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Case Study

Walkie Talkie for First Responders

Christan Fergus


Published 2019

Role: User Experience Strategist

Working to bring clarity to a loosely-defined feature. Before my joining the team, they had an idea of what they wanted to build, however did not have a shared vision and objective.

Objective

Bring design and feature clarity to a walkie-talkie app which addresses a user need.

Tools & Methodology

  • User flows
  • Wireframes
  • Prototype
  • Minimal UI design

Team

  • UX
  • Developers
  • QA

Requirement

Provide a walkie talkie feature in a mobile navigation app for EMS companies to reduce radio chatter and the number of technology pieces medics and dispatchers need to use.

Challenges

I was brought onto the development team mid-way through the larger project. The walkie-talkie feature lacked even the most basic level of design clarity. Product wanted the feature, and there were a few user stories, but there was no design or research specifically (aside from contextual inquiries I'd performed earlier in the year). Challenges included:

  • a lack of feature design and architecture
  • team disagreement as to what the feature should be
  • pressured time frame to develop a releasable feature

Solution

The feature was not going anywhere until we established clear user needs, detailed design flows, and UI design. The design had to cover not only the happy paths, but also error and edge cases, since the nature of the feature meant the user had to understand completely how the system was working at all times.

Research & Collaboration

I began by going back to the needs I’d discovered while I had travelled to multiple locations across the country talking to medic agencies. While doing contextual inquiries it was discovered that reducing the ways medics communicate was a significant need. I then had in-depth discussions with the Product Manager and Product Owner to understand how they were approaching the feature from a business point of view. Finally, I had in-depth technical discussions with my lead developers to understand the technical landscape I’d be designing within.

Deliverables

After hitting the reset button, verifying user needs, and understanding the business and technical requirements, I was able to craft the design. I:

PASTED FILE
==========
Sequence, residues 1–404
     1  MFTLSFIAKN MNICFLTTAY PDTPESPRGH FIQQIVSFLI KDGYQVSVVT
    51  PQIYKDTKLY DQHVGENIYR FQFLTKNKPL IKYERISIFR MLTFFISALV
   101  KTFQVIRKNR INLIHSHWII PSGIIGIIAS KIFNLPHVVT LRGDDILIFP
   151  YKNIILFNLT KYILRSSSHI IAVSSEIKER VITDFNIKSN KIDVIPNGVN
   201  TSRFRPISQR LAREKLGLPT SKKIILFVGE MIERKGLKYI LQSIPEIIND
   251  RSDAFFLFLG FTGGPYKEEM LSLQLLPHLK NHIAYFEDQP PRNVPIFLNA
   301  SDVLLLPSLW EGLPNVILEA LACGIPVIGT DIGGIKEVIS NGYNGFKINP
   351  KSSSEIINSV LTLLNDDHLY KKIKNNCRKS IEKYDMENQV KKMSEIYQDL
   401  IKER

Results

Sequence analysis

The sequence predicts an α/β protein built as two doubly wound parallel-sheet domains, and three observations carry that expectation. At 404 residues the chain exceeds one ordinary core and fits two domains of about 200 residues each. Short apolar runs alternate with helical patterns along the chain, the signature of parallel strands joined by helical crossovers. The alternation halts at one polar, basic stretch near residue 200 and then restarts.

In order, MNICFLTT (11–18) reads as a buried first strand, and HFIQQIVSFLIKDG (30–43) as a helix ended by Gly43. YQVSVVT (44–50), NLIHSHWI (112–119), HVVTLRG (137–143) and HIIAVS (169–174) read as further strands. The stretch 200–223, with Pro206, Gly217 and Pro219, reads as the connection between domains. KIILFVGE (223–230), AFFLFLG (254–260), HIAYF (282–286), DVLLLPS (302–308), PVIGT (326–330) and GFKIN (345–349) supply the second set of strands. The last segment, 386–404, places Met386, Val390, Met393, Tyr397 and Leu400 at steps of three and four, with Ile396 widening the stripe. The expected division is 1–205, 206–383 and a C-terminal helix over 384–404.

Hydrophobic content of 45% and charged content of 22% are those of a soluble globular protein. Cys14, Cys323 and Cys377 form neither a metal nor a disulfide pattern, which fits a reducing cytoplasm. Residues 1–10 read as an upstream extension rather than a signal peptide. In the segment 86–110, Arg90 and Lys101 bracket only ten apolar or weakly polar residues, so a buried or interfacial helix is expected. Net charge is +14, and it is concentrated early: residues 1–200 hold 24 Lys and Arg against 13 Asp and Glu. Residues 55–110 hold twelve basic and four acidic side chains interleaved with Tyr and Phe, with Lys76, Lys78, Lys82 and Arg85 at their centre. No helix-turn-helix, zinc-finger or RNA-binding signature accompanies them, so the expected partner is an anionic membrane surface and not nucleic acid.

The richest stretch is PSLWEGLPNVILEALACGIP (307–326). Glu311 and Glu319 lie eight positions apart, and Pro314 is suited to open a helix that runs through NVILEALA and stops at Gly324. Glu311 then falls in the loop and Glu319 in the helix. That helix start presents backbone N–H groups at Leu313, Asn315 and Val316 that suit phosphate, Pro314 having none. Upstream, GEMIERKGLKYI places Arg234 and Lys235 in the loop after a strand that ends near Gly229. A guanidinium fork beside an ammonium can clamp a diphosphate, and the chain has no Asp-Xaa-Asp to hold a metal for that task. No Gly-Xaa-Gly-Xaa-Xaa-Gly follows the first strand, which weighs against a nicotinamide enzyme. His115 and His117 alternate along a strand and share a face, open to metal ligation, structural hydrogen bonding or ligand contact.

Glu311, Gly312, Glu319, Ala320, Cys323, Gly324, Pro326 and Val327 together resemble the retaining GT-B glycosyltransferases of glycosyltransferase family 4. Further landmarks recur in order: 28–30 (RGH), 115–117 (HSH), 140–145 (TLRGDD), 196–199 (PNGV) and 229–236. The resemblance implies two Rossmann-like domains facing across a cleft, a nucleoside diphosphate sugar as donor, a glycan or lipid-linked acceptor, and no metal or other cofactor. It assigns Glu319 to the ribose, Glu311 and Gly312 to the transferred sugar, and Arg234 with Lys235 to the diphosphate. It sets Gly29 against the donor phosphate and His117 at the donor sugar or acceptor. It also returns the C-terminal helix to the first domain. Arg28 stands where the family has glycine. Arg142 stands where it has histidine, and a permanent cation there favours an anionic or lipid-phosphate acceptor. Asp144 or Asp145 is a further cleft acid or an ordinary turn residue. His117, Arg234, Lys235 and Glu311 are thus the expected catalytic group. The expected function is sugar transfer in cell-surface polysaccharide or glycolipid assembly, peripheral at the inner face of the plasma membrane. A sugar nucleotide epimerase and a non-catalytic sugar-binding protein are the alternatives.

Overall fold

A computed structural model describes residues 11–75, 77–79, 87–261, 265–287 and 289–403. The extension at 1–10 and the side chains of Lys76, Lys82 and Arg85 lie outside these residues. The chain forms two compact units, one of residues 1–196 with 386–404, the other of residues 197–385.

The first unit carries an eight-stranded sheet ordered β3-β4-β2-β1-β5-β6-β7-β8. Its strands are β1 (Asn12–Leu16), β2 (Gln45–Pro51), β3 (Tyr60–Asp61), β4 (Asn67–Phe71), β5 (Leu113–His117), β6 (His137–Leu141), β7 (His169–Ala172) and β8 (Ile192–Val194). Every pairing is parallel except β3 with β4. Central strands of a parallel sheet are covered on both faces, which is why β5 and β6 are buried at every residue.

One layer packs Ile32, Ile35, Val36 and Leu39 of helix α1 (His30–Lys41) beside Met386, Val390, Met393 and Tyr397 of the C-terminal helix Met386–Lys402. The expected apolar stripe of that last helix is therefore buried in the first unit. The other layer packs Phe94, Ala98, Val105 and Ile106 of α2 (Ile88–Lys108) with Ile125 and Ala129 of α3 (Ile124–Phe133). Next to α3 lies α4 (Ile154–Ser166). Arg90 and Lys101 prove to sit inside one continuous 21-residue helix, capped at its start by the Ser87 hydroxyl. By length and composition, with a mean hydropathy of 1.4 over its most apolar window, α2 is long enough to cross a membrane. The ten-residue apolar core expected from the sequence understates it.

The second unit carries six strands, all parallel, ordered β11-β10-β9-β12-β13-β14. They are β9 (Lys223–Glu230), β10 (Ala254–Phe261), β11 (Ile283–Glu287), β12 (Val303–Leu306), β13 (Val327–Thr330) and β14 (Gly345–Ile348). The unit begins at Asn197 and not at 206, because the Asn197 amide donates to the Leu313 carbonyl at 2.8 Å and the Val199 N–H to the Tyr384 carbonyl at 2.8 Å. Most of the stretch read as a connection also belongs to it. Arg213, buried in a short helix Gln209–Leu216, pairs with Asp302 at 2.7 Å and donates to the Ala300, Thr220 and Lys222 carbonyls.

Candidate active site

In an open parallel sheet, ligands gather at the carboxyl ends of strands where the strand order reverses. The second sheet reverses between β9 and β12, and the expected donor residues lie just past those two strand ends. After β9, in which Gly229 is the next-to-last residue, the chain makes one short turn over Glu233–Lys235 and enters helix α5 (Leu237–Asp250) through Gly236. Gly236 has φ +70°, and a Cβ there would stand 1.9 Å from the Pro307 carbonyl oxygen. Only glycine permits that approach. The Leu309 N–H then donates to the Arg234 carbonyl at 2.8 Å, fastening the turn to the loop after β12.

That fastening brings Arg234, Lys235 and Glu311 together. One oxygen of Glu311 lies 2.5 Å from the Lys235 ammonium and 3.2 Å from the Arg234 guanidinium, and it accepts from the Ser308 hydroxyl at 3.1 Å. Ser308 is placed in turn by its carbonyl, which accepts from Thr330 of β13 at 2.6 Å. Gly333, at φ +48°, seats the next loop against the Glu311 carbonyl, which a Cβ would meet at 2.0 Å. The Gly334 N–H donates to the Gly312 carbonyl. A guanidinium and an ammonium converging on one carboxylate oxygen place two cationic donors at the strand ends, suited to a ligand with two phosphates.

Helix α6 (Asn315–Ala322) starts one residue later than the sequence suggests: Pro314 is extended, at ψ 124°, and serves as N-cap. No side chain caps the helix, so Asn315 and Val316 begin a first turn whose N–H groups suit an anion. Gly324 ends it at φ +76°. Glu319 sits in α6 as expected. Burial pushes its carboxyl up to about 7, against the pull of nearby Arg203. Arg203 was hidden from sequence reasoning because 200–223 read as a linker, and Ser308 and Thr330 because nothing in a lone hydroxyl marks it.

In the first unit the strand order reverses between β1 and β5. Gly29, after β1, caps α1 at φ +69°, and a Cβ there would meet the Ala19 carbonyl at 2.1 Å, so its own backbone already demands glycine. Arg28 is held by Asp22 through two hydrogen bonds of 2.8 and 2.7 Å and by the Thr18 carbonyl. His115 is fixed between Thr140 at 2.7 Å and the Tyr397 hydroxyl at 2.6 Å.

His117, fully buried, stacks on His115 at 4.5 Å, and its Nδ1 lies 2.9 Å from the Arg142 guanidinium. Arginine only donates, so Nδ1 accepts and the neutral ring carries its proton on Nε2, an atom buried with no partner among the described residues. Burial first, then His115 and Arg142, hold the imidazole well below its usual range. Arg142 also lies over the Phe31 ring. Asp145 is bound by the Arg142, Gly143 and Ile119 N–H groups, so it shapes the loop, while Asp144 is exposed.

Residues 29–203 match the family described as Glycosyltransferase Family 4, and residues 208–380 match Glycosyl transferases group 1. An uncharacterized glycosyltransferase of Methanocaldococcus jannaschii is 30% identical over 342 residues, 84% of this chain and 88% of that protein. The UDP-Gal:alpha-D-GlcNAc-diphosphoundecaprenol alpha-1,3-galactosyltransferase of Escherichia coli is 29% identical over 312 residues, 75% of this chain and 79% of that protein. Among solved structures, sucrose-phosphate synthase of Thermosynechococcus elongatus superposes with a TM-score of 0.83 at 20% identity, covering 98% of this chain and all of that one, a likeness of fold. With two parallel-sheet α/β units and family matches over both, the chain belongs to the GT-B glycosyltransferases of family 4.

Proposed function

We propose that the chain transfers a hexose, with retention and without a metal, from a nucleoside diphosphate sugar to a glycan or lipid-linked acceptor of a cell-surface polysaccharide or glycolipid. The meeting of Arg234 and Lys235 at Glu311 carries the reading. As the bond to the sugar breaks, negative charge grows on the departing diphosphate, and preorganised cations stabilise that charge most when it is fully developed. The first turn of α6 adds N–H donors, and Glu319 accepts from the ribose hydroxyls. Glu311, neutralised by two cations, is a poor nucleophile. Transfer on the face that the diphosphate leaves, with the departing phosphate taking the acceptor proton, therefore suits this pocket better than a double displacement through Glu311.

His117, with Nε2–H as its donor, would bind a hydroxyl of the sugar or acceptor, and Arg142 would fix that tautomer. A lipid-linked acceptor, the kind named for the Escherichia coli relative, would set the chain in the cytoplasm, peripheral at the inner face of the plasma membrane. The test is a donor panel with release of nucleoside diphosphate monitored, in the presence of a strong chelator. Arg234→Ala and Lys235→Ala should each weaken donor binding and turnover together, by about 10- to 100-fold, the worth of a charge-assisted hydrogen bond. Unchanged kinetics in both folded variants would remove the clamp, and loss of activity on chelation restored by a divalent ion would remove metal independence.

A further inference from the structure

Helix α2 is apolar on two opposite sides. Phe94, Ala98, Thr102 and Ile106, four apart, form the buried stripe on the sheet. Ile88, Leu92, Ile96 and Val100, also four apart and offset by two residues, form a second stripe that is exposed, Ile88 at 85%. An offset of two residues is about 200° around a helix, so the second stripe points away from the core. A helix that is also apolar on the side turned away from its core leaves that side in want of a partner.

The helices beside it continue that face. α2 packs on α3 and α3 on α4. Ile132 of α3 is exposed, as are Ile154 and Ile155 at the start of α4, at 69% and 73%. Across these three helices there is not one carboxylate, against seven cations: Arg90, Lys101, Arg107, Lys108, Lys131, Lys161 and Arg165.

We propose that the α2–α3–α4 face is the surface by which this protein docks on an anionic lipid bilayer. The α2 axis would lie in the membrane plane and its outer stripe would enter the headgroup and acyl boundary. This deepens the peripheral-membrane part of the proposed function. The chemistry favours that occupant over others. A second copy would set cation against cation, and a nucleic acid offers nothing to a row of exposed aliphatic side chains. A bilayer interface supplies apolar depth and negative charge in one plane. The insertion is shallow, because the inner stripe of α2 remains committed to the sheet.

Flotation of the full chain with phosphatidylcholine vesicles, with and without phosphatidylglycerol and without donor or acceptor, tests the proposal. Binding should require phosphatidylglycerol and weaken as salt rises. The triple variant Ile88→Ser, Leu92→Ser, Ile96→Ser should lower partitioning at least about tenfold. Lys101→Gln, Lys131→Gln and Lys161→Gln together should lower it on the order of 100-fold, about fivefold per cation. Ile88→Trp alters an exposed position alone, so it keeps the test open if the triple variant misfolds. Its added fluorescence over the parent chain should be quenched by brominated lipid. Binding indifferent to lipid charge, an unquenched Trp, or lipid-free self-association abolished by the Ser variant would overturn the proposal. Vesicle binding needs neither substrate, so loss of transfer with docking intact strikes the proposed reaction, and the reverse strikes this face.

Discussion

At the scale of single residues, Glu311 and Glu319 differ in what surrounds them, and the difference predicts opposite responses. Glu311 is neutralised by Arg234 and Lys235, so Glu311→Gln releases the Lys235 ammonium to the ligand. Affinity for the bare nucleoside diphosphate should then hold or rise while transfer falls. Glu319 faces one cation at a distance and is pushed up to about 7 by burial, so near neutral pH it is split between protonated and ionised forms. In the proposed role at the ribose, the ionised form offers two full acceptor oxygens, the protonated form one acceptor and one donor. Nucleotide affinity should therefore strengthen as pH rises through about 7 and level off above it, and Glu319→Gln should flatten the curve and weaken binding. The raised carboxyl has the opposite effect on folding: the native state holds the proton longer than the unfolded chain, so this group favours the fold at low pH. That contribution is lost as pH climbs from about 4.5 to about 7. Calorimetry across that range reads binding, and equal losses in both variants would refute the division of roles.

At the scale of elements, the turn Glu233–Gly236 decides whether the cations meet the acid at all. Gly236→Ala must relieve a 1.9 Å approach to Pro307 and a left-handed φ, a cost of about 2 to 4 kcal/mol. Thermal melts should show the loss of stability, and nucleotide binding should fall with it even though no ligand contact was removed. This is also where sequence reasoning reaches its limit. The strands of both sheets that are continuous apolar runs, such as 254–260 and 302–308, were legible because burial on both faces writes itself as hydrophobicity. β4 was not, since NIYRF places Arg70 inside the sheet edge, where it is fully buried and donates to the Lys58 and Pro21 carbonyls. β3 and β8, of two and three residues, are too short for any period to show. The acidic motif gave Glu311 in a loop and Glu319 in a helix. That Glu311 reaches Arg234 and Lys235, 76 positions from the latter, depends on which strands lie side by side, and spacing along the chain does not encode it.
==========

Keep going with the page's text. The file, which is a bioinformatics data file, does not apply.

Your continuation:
• reframed user stories, wrote new stories, broke apart stories
  • mapped out detailed user and system flows for how calls would be made and experienced
  • created UI designs that covered all known states of the system (exposed by the detailed user flows)
  • built an HTML/CSS/JS working prototype that was used to illustrate concepts during our planning meetings, remove any ambiguity in discussions, and development questions

Success

With the re-written stories and designs each story could directly point to, the development team was able to get back on track and gain development momentum. I maintained a close working relationship, answering questions and updating the design if needed, as the feature was developed.

The walkie-talkie feature was released with the mobile app available for iOS and Android devices. Companies who had begun to use the greater app soon adopted the walkie-talkie feature. We continued to fix bugs and make minor improvements as it lived in the wild, but so far the feature has stayed largely the same, meeting the needs of the medics and dispatchers in the field.

Examples

Process Flow

Typical flow chart showing the process by which a medic can call another medic.
This flow is an example of a single process I mapped out to bring clarity to the walkie-talkie feature.

Prototype

View the prototype in the CodePen 

UI Design

A tablet and phone are using the walkie-talkie to communicate.
This UI shows the paramedic (iPhone) talking to the dispatcher (iPad) who is listening.